I face many quandaries when gardening. Many involve recalling the name of the plant. I finally remembered the one above is an Aechmea aquilega bromeliad, then I looked it up online and found several photos and only one looked like this? And what are the black things on the tips of the flowers- seeds? Rarely I will get a new bromeliad from seeds, but it takes forever.
These are called grass pups, they are from an Alcantarea bromeliad, as far as I know the only genus that makes grass pups. After putting them in a pot together I read they hate this and should be separated – I am thinking not since they are just starting to do well. I am not sure which Alcantarea these are, either.
Another tropical dilemma. This is a Leafless Bird of Paradise, a very interesting plant. This one is perpetually plagued with scale. I am thinking of cutting all the foliage off and letting it start over. I did this with a nearby Coontie, similarly plagued and it is much improved.
The Coontie and my big toe. Coontie (Zamia integrifolia) is a cycad native to Florida. The very poisonous roots are a source of arrowroot flour and were nearly harvested to extinction. The scale is gone.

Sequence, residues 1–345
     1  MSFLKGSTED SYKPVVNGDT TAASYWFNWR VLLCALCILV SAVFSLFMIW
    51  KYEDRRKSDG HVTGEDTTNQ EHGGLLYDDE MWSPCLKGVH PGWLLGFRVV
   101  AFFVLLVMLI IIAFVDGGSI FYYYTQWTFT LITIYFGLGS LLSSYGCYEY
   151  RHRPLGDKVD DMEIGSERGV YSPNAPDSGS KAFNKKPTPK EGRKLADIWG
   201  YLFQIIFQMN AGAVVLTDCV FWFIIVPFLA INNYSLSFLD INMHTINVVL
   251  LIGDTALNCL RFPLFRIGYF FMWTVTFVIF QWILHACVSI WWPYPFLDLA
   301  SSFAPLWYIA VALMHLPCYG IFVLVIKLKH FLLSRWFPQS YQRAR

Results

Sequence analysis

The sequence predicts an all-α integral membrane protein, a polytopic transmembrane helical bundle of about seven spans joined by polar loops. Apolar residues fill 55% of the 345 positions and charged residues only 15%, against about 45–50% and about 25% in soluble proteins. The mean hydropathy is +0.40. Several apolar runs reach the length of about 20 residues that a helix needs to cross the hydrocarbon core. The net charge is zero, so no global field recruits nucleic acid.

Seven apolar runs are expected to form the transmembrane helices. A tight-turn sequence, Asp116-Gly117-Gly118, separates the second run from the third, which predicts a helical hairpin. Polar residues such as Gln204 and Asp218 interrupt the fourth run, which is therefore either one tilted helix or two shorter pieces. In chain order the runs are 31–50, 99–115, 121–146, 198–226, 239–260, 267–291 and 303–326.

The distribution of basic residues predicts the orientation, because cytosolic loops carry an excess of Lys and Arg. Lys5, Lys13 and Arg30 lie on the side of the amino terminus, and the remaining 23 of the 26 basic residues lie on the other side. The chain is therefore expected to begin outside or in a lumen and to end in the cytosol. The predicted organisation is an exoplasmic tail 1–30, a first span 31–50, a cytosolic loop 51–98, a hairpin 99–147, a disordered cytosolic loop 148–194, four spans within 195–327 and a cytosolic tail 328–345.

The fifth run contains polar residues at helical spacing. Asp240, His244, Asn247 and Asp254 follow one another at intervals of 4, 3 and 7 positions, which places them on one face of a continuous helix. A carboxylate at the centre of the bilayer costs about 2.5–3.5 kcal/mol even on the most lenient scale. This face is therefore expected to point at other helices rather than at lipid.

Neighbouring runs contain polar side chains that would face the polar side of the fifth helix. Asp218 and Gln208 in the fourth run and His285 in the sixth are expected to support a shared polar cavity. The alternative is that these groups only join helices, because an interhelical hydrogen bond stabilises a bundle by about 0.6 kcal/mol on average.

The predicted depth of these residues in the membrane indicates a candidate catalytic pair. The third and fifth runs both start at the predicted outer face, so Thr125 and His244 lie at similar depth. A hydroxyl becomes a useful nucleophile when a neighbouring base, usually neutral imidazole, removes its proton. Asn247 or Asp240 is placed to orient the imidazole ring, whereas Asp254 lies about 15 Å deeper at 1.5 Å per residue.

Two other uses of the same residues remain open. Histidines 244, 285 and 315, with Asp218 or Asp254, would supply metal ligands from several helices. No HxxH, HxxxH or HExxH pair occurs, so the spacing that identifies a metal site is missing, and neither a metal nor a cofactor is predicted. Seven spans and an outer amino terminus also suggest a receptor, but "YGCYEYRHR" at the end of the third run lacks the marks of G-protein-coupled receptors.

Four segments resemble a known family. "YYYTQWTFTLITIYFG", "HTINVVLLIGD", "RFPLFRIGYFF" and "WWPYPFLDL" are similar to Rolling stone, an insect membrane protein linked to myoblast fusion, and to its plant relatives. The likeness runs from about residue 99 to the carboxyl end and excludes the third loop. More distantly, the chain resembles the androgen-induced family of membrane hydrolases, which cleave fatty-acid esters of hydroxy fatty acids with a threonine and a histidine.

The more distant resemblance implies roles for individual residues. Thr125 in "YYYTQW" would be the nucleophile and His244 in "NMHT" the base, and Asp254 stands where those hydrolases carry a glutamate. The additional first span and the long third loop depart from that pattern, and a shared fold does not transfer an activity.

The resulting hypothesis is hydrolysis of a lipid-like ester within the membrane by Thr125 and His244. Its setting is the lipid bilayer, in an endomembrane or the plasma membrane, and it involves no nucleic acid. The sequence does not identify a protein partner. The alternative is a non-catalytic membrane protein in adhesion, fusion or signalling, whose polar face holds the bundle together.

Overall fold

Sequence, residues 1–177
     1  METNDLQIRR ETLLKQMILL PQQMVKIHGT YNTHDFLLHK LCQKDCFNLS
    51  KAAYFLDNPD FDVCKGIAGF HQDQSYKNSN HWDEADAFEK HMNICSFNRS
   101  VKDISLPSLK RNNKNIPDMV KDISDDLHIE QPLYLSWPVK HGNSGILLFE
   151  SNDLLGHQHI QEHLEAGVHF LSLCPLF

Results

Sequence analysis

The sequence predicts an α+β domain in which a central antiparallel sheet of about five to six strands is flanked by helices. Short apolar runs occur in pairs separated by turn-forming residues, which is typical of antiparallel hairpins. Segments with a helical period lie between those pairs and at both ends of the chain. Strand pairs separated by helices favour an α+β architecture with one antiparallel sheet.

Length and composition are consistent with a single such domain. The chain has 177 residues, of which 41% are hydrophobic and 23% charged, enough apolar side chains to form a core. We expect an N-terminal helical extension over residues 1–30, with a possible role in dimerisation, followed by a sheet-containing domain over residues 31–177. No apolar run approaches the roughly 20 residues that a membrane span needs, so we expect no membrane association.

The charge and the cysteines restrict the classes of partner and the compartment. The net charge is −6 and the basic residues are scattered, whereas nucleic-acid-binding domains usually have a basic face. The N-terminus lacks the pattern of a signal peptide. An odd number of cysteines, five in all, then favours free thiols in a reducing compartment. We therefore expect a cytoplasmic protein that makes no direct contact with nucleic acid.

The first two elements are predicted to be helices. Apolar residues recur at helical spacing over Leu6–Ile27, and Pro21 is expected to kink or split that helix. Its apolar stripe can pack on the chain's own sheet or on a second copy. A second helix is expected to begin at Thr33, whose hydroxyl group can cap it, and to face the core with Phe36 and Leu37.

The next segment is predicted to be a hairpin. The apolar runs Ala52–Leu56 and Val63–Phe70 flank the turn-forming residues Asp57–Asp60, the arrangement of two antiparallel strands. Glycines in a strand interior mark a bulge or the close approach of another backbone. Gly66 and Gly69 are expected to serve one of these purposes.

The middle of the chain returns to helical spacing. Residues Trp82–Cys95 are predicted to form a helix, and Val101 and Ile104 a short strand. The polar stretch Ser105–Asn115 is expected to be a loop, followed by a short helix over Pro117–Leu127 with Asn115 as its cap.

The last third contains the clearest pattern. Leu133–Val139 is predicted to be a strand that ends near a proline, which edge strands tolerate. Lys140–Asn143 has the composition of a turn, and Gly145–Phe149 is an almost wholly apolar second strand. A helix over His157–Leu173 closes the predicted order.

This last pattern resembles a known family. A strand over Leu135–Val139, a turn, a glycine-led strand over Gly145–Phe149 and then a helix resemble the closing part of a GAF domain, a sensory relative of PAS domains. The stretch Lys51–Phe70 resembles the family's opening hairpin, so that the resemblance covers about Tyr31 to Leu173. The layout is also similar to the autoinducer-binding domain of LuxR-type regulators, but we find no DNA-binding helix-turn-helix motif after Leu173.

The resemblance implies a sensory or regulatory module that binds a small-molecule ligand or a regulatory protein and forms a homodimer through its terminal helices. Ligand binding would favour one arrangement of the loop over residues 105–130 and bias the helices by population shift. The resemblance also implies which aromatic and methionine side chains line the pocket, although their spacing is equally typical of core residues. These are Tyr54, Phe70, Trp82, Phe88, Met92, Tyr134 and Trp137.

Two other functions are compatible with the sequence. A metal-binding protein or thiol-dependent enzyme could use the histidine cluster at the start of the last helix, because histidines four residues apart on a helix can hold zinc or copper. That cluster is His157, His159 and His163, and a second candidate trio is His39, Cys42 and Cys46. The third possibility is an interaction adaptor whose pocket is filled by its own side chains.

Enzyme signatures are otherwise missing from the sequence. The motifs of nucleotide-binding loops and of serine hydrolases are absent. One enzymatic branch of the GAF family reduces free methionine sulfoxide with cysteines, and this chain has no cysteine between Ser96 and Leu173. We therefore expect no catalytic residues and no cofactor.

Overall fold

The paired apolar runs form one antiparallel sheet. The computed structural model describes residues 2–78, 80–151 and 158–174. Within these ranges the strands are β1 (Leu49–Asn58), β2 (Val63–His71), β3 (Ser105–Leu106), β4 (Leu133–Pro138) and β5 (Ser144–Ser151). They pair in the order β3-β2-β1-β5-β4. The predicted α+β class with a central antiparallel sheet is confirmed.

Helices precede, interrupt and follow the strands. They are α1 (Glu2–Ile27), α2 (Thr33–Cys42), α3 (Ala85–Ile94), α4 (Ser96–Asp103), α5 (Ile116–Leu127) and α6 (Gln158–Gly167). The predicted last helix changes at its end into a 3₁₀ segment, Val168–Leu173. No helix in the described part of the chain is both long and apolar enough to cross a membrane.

Several blog friends asked for an update on the decapitated Papaya tree. It produced a few weak flowers and then passed on. The trunk is nearly loose enough for me to pull out.
Here is the Papaya last June, probably a month after decapitation. This is a practice endorsed by Floridians, supposedly reinvigorating the plant to produce more fruit. It seemed like a bad idea at the time.
Another thing to wonder about. What is happening here? A two headed pineapple?
We are not talking about the seven deadly sins today. I am embracing the Green Envy Zinnia. I usually use these as a side dish instead of the main course in arrangements. Today, they are the pot roast! My husband opined this is a muted arrangement from me. Pot roast is kind of a muted color..
I have had these flowering in my garden since November. Not the same plants, this is the second batch grown from seed. I am hoping to be able to grow Zinnias year round for cutting. I am getting longer stemmed flowers now and will be interested to see how long these plants last in the blast furnace South Florida summer.
A closer view:
The Green Envy Zinnia gets its close up.
Foliage friends – in purple, ‘Purple Prince’ Alternanthera; ferns are Asian Sword Ferns. For fragrance, I added – in blue, ‘Blue Lagoon’ Rosemary, also good in pot roast; in white, Sweet Almond Bush (Aloysia virgata).
The vase is a mason jar, meant for canning. This post is making me hungry.
June in South Florida brings thunderstorms, moisture and flowers. I am enjoying the flowers, but could do with a little less moisture, we have had some intense thunderstorms with more lightning that I can recall experiencing.